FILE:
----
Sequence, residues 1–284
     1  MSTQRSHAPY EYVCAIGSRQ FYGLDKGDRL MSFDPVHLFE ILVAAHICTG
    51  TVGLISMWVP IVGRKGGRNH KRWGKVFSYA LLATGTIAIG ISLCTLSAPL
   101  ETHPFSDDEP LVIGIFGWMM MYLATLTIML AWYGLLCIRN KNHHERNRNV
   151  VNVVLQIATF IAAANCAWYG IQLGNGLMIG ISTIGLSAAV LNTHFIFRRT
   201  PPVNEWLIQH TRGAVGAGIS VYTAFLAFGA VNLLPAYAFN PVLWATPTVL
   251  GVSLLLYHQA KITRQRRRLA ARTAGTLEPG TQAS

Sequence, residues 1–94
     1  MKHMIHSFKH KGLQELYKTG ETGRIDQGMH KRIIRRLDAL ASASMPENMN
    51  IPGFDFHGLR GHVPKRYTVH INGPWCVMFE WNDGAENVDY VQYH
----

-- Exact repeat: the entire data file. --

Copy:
Sequence, residues 1–284
     1  MSTQRSHAPY EYVCAIGSRQ FYGLDKGDRL MSFDPVHLFE ILVAAHICTG
    51  TVGLISMWVP IVGRKGGRNH KRWGKVFSYA LLATGTIAIG ISLCTLSAPL
   101  ETHPFSDDEP LVIGIFGWMM MYLATLTIML AWYGLLCIRN KNHHERNRNV
   151  VNVVLQIATF IAAANCAWYG IQLGNGLMIG ISTIGLSAAV LNTHFIFRRT
   201  PPVNEWLIQH TRGAVGAGIS VYTAFLAFGA VNLLPAYAFN PVLWATPTVL
   251  GVSLLLYHQA KITRQRRRLA ARTAGTLEPG TQAS

Sequence, residues 1–94
     1  MKHMIHSFKH KGLQELYKTG ETGRIDQGMH KRIIRRLDAL ASASMPENMN
    51  IPGFDFHGLR GHVPKRYTVH INGPWCVMFE WNDGAENVDY VQYH